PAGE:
The Lifelong Learning Interest Group, composed of Members of the European Parliament and representatives of civil society, met on 24 January 2018 for the event “Taking stock of Lifelong Learning in Europe – what will a European Education Area bring”, hosted by MEP Sirpa Pietikainen.
The event began with a presentation of the Guiding Principles for Lifelong Learning, based on the outcomes of the Interest Group meetings held since its inception in September 2015. Discussions followed on how the application of these principles could contribute to shaping the vision for a European Education Area announced by Vice-President Jyrki Katainen and Commissioner Tibor Navrascics just prior to the Gothenburg Social Summit for Fair Jobs and Growth on 17 November 2017.
The Guiding Principles for Lifelong Learning encompass 9 themes: citizenship education, intercultural dialogue, critical thinking, learner-centred approaches, investment in lifelong learning, skills for the world of work, support for educators, policy coherence for lifelong learning, and sustainable development. Each of these themes comprise several guiding principles, which will be published later in 2018.
The proposal for a European Education Area was widely welcomed as a positive step forward for education, training and lifelong learning at the EU level. However, many participants stressed the need for policy coherence to ensure that policies do not focus exclusively on a specific sector (e.g. schools) but encompass all levels and forms of education for a truly lifelong learning approach, and that consideration should also be given to countries outside the EU – for example, concerning the recognition of diplomas. Moreover, the lack of implementation of the 2012 Council Recommendation on the validation of non-formal and informal learning by Member States was highlighted as an important obstacle to address in making this ambitious vision a reality.
Charlotte Olsson-Altansunar from the Cabinet of Jyrki Katainen, Vice-President of the European Commission, presented its political priorities for education, notably the European Education Area.
“The European Education Area is widening the perspective on education and puts it higher on the political agenda. The debate on education changed after the launch of the New Skills Agenda, where a strong emphasis was put on employment. However, looking at the employment market is only one aspect of education, and the skills required for jobs might change very quickly within the next few years,” stressed Charlotte Olsson-Altansunar.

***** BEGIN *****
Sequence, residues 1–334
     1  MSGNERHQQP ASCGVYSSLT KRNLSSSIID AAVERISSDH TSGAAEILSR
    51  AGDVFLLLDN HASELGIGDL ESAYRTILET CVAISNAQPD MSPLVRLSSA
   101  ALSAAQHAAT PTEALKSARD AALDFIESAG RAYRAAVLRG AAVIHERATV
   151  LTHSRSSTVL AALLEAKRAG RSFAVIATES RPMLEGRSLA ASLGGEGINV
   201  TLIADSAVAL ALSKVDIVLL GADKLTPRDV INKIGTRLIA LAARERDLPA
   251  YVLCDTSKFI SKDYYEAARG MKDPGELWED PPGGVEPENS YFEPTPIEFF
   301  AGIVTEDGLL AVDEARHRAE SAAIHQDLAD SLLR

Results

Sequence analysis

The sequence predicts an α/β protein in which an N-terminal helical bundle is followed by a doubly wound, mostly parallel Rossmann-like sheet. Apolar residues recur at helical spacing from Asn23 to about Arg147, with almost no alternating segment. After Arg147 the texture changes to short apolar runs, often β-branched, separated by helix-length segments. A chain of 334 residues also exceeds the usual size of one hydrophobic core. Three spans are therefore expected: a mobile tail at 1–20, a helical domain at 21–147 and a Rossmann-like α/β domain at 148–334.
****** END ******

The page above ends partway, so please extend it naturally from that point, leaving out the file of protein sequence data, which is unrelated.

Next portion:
“We need to promote key competences such as learning to think through non-formal lifelong learning within education and lifelong learning strategies of the European Union. Lifelong learning will be central for the future of the European Union,” said Sirpa Pietikäinen, Member of the European Parliament (EPP) and Chair of the Interest Group. She stressed the need for a wider approach to education and lifelong learning that considers current and future social and economic challenges.
Could the European Education Area potentially be a ‘lifelong learning area’?
“Could the European Education Area potentially be a ‘lifelong learning area’?” suggested Gina Ebner, EAEA Secretary-General. The European Education Area may be a step into the right direction; however, it puts the focus on formal education rather than non-formal and informal learning, sectors that play an increasingly important role for the acquisition of skills and competences.
“While the European Education Area focuses primarily on formal education, the Member States are encouraged to promote non-formal and informal lifelong learning in the new framework. The funding programmes of the European Union will have a focus on these sectors of education,” said Charlotte Olsson-Altansunar, Cabinet of Jyrki Katainen. She added that the Review of the 2006 Framework of Key Competences referred to lifelong learning.
“It is not only about creating new strategies or frameworks for lifelong learning, but also about implementing them. We need a stronger push from the European Commission for that,” said Brikena Xhomaqi, Director of the Lifelong Learning Platform. Civil society at the national, regional and local levels is at the forefront of promoting policy-making and the implementation of education and lifelong learning strategies.
“The crucial role of civil society for the European Union needs to be recognised,” said David Lopez, President of the Lifelong Learning Platform and representative of SOLIDAR.
Chaired by MEP Sirpa Pietikäinen (Finland, EPP), the Interest Group on Lifelong Learning brings together civil society representatives and MEPs to discuss various key issues connected to lifelong learning. The Group aims to fight inequalities and discrimination in education in order to reach the Europe 2020 and Education and Training 2020 headline targets.